In everything I do, I incorporate lessons from my upbringing. There are many myths when people talk about parent engagement: it’s too hard, parent’s don’t want to be involved, we’re the educators, and the list goes on… The reality is this: Parents want one thing - regardless if they’re an ‘engaged’ parent, or one who, like my dad, had to work long hours to provide for their home - parents simply want what’s best for their children, and want to provide their kids with better opportunities than they were afforded. With my work, I am able to support our parents in not only working through local issues, but other major issues that affect their students, and all of Chicago’s students. It’s really rewarding work.
EP: You have mobilized thousands of parents to advocate for more school funding and schools the serve all students. How do you generate this type of enthusiasm among parents?
AS: When I did Organizing for Action, stemmed from President Obama’s Organizing for America, I was able to learn from some of the best organizers and leaders in America. There were so many lessons learned, but the two that I carry with me in everything I do are: 1) People don’t remember what you said, they remember how you made them feel, and 2) People don’t trust campaigns or slogans, they trust people. That said, I spend a bulk of my time building and fostering meaningful relationships with our families and trusted leaders. This makes mass mobilizations and events more personal and engaging, rather than a burden.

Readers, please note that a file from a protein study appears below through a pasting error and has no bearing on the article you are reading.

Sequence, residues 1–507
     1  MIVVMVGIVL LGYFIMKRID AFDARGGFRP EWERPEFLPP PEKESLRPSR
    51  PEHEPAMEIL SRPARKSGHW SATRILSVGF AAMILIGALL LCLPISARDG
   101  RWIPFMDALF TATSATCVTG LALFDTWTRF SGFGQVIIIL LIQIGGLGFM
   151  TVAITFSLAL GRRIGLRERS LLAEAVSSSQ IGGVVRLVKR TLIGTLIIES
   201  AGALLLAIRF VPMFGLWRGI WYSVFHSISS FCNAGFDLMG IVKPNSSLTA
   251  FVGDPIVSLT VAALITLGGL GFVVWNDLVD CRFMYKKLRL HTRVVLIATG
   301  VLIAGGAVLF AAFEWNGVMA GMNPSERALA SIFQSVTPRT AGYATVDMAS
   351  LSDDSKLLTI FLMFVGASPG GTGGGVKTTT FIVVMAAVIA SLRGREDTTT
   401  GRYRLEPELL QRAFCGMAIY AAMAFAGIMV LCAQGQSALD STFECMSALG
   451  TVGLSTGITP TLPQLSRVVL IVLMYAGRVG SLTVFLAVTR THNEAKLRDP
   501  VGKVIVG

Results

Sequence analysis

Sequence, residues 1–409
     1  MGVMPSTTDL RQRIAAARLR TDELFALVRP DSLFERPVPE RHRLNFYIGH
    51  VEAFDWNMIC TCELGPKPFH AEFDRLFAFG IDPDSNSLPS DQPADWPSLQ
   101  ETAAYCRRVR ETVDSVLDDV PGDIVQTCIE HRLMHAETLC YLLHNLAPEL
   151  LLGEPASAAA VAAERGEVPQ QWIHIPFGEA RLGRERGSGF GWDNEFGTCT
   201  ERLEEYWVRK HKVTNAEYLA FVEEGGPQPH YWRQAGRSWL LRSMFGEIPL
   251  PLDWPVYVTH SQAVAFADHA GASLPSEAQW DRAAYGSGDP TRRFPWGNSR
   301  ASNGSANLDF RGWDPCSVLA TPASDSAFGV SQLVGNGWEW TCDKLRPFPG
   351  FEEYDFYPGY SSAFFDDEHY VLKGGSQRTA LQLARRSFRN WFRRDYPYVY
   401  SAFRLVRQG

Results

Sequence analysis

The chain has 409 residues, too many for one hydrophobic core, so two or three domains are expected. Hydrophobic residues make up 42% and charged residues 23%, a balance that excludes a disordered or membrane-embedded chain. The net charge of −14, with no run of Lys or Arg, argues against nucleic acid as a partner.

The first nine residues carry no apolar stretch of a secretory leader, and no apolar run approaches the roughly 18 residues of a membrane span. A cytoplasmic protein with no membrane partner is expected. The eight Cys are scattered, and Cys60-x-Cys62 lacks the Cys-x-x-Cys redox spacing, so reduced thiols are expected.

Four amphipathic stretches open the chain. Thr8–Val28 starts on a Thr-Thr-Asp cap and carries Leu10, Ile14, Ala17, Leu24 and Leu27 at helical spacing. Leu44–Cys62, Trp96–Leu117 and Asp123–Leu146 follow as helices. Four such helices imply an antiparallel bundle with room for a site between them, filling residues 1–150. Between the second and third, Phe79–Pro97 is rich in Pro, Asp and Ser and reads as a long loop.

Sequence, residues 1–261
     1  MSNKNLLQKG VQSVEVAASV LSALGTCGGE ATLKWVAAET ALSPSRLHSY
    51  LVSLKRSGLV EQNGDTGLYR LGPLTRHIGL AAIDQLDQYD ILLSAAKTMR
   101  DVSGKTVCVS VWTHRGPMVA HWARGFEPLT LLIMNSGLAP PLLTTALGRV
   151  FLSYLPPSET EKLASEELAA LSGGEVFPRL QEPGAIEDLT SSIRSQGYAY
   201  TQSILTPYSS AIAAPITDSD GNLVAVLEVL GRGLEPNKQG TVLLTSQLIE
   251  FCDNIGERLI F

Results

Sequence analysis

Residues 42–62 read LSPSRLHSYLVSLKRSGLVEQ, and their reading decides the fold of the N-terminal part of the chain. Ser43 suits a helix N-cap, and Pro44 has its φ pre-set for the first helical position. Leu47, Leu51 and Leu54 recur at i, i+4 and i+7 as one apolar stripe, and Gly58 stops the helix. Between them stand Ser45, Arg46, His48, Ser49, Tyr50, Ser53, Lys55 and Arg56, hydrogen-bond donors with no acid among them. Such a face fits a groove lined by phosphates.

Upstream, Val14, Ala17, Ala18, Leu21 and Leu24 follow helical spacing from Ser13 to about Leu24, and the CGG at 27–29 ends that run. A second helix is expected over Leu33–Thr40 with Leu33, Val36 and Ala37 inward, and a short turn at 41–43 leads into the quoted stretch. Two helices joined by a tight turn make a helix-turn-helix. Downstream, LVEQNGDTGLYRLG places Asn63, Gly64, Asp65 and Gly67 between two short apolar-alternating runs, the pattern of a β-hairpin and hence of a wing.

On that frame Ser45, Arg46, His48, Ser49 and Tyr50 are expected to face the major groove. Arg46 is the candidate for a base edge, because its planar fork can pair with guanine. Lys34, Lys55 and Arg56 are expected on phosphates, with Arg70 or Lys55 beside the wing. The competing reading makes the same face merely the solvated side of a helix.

EP: In 2015, you co-founded Future Leaders of Chicago (floChicago), a leadership development program operating in partnership with the University of Chicago and the Chicago Community Trust. Each year, floChicago selects a diverse group high school leaders, and provides them with opportunities to meet with business, non-profit, and government leaders, engage with diverse student leaders from the Chicago area, and gain exposure to a wide variety of challenges and opportunities in Chicago. What inspired you to co-found this program?
AS: floChicago was one of those right place at the right time deals. I was looking to grow a new skillset in project management and operations, and had heard of a group of private and civic leaders looking to start up a leadership development program for high school youth. After meeting with the founder, Matt Brewer, I was sold. I asked to come onboard and spearhead floChicago’s operations, code of conduct, and parent engagement. It was really exciting to be a part of a startup culture, and to be surrounded by a group of diverse leaders who want to inspire Chicago youth to be our city’s next leaders.
EP: In 2016, you completed a Visiting Fellowship through EP, meaning you joined your local cohort of EP Fellows to participate in EP programming and develop a capstone project. How has the work you did on policy and advocacy issues regarding race and class as an EP Fellow influenced your work as a leader for social change and impact?
AS: The work I’ve done at Noble in the past year stemmed from my capstone project with Ed Pioneers. I was able to work alongside other leaders from my cohort, and took full advantage of all EP had to offer, including: strategic planning development, consultancy protocol, and many after hours drinks discussing my plan to innovate Noble’s community affairs program.